Perrone, D.; Nigro, G.; Veltri, P. [Universita della Calabria, Dipartimento di Fisica and Centro Nazionale Interuniversitario Struttura della Materia, Unita di Cosenza, I-87030 Arcavacata di Rende (Italy)

2011-07-10T23:59:59.000Z

224

Physical Processes of Interstellar Turbulence  

E-Print Network (OSTI)

I discuss the role of self-gravity and radiative heating and cooling in shaping the nature of the turbulence in the interstellar medium (ISM) of our galaxy. The heating and cooling cause it to be highly compressible, and, in some regimes of density and temperature, to become thermally unstable, tending to spontaneously segregate into warm/diffuse and cold/dense phases. On the other hand, turbulence is an inherently mixing process, tending to replenish the density and temperature ranges that would be forbidden under thermal processes alone. The turbulence in the ionized ISM appears to be transonic (i.e, with Mach numbers $\\Ms \\sim 1$), and thus to behave essentially incompressibly. However, in the neutral medium, thermal instability causes the sound speed of the gas to fluctuate by up to factors of $\\sim 30$, and thus the flow can be highly supersonic with respect to the dense/cold gas, although numerical simulations suggest that this behavior corresponds more to the ensemble of cold clumps than to the clumps'...

Vazquez-Semadeni, Enrique

2012-01-01T23:59:59.000Z

225

Probability Densities in Strong Turbulence  

E-Print Network (OSTI)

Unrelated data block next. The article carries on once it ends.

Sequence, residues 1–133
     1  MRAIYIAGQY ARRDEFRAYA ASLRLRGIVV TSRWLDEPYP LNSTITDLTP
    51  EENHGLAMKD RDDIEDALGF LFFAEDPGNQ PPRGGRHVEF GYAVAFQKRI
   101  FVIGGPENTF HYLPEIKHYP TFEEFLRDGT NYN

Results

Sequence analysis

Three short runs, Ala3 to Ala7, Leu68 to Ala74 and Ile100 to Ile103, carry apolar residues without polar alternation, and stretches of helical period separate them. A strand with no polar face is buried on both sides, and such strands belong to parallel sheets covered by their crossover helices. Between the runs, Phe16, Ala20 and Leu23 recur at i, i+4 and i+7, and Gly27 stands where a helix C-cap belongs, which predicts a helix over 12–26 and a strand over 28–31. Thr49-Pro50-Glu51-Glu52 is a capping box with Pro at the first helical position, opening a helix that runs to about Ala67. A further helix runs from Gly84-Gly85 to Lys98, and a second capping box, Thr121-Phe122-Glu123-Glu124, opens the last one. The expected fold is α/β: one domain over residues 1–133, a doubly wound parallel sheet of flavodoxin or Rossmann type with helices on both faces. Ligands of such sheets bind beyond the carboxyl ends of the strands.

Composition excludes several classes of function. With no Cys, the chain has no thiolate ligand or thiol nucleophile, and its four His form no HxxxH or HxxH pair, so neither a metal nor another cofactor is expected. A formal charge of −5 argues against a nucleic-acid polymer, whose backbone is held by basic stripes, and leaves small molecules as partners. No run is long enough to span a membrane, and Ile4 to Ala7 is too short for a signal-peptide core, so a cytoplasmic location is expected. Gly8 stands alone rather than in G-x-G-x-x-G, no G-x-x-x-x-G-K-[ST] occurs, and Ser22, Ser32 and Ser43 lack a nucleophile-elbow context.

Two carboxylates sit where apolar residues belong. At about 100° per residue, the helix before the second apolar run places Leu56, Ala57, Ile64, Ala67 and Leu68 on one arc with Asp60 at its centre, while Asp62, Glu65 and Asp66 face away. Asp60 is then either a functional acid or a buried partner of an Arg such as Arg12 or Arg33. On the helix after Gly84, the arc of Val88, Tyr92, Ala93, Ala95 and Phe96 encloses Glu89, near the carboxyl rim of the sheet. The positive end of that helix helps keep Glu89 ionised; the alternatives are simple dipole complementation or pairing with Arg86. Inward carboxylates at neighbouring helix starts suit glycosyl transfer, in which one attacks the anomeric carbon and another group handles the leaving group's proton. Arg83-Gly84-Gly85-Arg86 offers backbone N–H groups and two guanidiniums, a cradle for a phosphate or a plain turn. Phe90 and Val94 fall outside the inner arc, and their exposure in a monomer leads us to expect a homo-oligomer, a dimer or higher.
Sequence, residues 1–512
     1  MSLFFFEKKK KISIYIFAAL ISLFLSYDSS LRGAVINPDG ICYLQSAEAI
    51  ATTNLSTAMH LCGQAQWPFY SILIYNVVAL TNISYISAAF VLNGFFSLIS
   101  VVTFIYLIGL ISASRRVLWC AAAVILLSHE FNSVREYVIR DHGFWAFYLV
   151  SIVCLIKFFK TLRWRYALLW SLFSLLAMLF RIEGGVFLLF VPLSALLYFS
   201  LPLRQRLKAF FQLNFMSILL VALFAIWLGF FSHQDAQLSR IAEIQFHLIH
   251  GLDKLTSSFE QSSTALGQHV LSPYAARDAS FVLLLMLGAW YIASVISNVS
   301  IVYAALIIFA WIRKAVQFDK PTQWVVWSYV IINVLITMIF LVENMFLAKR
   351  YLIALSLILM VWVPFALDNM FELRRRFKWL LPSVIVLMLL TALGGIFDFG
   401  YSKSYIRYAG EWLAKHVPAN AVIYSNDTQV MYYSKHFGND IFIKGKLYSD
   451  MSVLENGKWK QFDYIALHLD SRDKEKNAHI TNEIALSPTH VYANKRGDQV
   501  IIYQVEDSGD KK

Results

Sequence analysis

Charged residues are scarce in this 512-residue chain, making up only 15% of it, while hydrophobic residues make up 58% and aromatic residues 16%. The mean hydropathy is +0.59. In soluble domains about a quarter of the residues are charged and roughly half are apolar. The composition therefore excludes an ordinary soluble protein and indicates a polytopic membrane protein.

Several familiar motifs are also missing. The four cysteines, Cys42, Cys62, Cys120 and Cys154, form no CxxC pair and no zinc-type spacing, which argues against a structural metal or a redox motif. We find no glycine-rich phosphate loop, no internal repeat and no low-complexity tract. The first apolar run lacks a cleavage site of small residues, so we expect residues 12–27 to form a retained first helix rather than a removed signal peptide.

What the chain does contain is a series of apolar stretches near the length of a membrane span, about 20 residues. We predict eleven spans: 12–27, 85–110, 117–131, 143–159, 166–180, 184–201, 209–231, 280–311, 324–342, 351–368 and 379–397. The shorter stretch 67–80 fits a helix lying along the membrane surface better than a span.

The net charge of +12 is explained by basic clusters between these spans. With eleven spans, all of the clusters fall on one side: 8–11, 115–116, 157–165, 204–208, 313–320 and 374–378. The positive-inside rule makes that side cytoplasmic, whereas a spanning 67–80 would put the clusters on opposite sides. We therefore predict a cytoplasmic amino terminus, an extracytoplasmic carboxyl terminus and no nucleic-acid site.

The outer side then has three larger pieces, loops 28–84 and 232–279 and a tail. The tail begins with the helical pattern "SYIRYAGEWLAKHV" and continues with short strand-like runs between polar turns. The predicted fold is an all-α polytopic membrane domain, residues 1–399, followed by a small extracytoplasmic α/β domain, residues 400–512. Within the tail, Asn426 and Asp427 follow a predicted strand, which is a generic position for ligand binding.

According to modern developments in turbulence theory, the "dissipation" scales (u.v. cut-offs) $\\eta$ form a random field related to velocity increments $\\delta_{\\eta}u$. In this work we, using Mellin's transform combined with the Gaussain large -scale boundary condition, calculate probability densities (PDFs) of velocity increments $P(\\delta_{r}u,r)$ and the PDF of the dissipation scales $Q(\\eta, Re)$, where $Re$ is the large-scale Reynolds number. The resulting expressions strongly deviate from the Log-normal PDF $P_{L}(\\delta_{r}u,r)$ often quoted in the literature. It is shown that the probability density of the small-scale velocity fluctuations includes information about the large (integral) scale dynamics which is responsible for deviation of $P(\\delta_{r}u,r)$ from $P_{L}(\\delta_{r}u,r)$. A framework for evaluation of the PDFs of various turbulence characteristics involving spatial derivatives is developed. The exact relation, free of spurious Logarithms recently discussed in Frisch et al (J. Fluid Mech. {\\bf 542}, 97 (2005)), for the multifractal probability density of velocity increments, not based on the steepest descent evaluation of the integrals is obtained and the calculated function $D(h)$ is close to experimental data. A novel derivation (Polyakov, 2005), of a well-known result of the multi-fractal theory [Frisch, "Turbulence. {\\it Legacy of A.N.Kolmogorov}", Cambridge University Press, 1995)), based on the concepts described in this paper, is also presented.